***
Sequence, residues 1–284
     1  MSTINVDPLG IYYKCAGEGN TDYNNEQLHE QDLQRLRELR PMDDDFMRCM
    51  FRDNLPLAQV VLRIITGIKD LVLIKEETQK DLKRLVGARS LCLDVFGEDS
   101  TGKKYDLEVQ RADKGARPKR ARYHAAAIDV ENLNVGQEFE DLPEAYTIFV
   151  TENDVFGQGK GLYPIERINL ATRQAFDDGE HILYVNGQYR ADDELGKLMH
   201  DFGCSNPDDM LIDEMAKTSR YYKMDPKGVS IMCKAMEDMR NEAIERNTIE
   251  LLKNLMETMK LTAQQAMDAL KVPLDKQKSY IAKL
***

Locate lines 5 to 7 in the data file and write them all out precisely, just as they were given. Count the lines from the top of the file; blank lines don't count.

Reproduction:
   151  TENDVFGQGK GLYPIERINL ATRQAFDDGE HILYVNGQYR ADDELGKLMH
   201  DFGCSNPDDM LIDEMAKTSR YYKMDPKGVS IMCKAMEDMR NEAIERNTIE
   251  LLKNLMETMK LTAQQAMDAL KVPLDKQKSY IAKL